Income on the up, but challenges ahead for charity sector

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An annual study on the charity sector has revealed income rose for charities, but donations are falling and government grants stagnated

21st June 2019 by Gareth Jones 0 Comments

Income for charities is continuing to rise across the UK, but financial challenges could be on the horizon – a new report has shown.

The National Council for Voluntary Organisations' (NCVO) Civil Society Almanac reveals that total income for the charity sector increased by 2% to £50.6 billion for the financial year 2016/17.

However it also shows donations are falling and income from government has stagnated.

The data, drawn from charities’ annual accounts, shows that income from government to UK charities remained static at £15.8bn, but growth in other types of revenue meant it fell as a proportion of overall sector income to 31%, which is the lowest level since 2000/01.

Public donations accounted for almost half (45%) of all charitable income at £22.9bn, but there was a fall in earned income from the public and donations dropped by 2%.

A reduction in earned income – which is generated through fees paid for goods and services, membership subscriptions, sales from charity shops or fundraising events – has not been reported in the last five years.

Karl Wilding, director of public policy at NCVO, said conditions could be more challenging for smaller organisations.

Wilding, who will take over as NCVO chief executive in September, said: “The sector's income as a whole is still growing, which is positive, but it’s at a slower rate than we’ve seen recently. And it’s important to note the factors driving growth, assets and legacy income, are less likely to be things small charities have access to.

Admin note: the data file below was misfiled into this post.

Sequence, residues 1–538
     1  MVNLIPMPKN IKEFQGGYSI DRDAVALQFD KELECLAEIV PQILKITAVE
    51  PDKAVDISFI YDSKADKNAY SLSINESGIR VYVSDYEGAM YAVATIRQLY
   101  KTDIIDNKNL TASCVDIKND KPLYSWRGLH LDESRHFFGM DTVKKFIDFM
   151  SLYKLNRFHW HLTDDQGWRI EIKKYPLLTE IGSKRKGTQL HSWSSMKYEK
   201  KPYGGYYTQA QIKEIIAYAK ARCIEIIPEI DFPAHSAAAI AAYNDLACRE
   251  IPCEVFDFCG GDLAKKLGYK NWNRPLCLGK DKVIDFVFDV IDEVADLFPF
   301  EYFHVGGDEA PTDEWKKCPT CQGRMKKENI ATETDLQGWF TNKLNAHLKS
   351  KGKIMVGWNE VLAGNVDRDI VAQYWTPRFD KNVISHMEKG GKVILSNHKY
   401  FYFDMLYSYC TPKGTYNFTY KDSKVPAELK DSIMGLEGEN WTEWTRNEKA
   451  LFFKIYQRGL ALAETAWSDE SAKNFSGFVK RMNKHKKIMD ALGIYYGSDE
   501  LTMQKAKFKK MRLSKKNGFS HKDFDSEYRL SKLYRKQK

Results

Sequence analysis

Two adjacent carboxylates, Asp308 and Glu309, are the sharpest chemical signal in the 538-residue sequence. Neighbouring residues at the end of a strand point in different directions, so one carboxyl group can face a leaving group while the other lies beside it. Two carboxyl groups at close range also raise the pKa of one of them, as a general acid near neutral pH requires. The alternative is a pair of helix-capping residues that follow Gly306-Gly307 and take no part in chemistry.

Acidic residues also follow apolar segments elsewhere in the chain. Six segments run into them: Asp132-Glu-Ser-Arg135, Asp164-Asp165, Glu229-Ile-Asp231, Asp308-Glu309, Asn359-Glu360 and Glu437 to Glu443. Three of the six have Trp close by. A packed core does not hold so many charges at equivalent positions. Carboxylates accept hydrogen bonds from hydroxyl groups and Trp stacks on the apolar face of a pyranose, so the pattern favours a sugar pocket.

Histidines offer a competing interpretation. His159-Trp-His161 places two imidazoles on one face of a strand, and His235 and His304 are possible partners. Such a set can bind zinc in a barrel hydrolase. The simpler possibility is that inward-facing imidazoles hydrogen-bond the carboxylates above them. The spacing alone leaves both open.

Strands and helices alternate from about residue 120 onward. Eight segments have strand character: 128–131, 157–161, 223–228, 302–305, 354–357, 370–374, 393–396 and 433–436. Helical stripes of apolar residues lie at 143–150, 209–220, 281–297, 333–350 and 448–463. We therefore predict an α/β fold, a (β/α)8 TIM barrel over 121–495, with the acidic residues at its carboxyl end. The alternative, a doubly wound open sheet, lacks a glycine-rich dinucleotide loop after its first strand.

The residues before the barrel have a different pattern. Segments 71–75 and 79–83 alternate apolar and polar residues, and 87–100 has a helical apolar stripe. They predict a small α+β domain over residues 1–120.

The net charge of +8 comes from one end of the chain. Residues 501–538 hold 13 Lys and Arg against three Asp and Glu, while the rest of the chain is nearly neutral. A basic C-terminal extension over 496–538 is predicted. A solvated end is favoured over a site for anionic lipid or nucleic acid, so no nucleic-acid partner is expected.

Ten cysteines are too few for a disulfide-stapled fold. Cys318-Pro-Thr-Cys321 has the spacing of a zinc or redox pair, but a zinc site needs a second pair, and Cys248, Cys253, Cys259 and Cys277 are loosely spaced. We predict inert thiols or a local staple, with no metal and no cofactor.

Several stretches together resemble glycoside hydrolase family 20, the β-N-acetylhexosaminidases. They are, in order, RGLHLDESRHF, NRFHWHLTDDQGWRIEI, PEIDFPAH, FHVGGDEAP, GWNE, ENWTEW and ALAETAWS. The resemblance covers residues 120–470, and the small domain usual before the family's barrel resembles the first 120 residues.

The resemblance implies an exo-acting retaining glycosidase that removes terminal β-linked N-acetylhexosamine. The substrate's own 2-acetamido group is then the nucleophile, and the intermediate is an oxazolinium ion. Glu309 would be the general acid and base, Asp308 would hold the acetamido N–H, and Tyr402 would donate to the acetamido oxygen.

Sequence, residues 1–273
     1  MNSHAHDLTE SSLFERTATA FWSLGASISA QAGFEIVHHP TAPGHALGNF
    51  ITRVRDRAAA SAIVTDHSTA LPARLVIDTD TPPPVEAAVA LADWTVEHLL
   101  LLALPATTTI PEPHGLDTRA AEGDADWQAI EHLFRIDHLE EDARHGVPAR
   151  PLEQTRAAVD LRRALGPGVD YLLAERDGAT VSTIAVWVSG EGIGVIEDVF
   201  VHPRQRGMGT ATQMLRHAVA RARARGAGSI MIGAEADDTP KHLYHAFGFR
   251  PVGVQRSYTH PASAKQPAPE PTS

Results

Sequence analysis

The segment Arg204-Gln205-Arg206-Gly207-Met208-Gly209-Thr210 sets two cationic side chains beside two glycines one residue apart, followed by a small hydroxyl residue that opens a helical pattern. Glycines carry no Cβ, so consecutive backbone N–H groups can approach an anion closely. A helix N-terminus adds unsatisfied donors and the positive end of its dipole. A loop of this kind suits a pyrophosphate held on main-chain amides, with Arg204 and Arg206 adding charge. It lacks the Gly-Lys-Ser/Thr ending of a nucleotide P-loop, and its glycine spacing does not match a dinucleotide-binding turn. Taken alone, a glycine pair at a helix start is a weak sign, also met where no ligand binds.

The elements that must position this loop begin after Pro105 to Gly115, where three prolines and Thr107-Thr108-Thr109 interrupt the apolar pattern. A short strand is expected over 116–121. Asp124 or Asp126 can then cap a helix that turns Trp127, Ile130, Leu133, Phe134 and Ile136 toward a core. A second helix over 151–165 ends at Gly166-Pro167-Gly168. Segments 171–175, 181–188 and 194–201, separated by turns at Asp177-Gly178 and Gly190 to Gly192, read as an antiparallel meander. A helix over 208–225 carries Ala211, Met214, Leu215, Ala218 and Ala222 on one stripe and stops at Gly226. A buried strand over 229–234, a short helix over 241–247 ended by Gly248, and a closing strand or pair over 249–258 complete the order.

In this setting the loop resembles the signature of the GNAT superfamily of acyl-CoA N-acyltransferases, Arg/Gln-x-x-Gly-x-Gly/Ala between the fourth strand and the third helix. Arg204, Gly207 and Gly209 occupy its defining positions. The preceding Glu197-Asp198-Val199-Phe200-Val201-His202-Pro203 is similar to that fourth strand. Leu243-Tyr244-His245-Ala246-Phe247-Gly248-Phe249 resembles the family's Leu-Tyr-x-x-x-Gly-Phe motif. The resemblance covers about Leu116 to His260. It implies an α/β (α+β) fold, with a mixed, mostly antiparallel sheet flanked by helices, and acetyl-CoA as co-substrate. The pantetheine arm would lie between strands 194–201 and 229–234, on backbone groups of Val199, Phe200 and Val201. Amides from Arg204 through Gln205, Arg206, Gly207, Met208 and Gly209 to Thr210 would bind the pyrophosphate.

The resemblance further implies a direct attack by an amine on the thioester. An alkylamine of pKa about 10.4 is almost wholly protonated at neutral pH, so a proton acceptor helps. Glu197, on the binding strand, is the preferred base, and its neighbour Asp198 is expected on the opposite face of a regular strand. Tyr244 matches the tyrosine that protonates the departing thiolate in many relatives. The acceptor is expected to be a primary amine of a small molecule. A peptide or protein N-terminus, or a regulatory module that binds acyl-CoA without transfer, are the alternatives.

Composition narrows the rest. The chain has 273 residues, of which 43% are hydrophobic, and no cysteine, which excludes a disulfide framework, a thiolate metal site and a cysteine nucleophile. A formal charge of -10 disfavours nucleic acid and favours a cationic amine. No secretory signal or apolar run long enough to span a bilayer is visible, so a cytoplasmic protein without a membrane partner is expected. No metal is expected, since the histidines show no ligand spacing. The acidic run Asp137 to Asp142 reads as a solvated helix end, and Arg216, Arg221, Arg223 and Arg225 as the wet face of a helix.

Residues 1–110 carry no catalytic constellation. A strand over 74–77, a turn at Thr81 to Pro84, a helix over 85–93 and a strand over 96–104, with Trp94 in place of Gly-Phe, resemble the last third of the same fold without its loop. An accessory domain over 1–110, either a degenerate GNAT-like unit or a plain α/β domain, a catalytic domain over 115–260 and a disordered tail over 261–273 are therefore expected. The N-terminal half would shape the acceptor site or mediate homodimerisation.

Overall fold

“Grant makers should be especially conscious of this, as they are a key way of distributing the proceeds of asset growth to those organisations which are asset poor. Greater collaboration, simpler access to grants and proportionate reporting requirements are a few examples of what will help here.

“The drop in public income reflects other findings we’ve seen and anecdotal evidence. Clearly lots of organisations were adapting their fundraising strategies at this point in time, preparing to meet higher data-protection standards, and doing a lot of internal work rather than launching donor-recruitment campaigns. I’m hopeful that re-focusing on the right sort of engagement with supporters will pay off in the long run.”

The number of people working in the voluntary sector fell slightly compared to the previous year, but has grown by 11% since 2010. In 2018, a total number of 865,916 people worked for voluntary organisations – however the report does not analyse the amount of hours worked by staff. More than half of the sector’s workforce is educated to degree level or higher and voluntary organisations reported the lowest incidence of skills gaps compared to organisations in other sectors.

Overall levels of volunteering have remained stable. More than one in five people volunteered at least once a month for a group, club or organisation. However, involvement varies for different backgrounds: formal volunteers are more likely to be older, well-educated and from higher socio-economic groups.

The sector’s net assets stood at a record level of £131.2bn, with growth in fixed assets outstripping growth in liabilities, despite significant growth in pension liabilities as a result of automatic enrolment and changes in accounting standards. However in Scotland, it is unlikely that investments and grant income have grown at same scale, as the sector is less dominated by large organisations.

In 2016/17, spending on grants grew by 5% to a new record high of £7bn. Over half (57%) of the money spent on grants stays within the voluntary sector, but notable amounts also go to individuals and other types of organisations like public sector bodies and universities. International development organisations receive by far the largest share (37%) of grant making from the sector.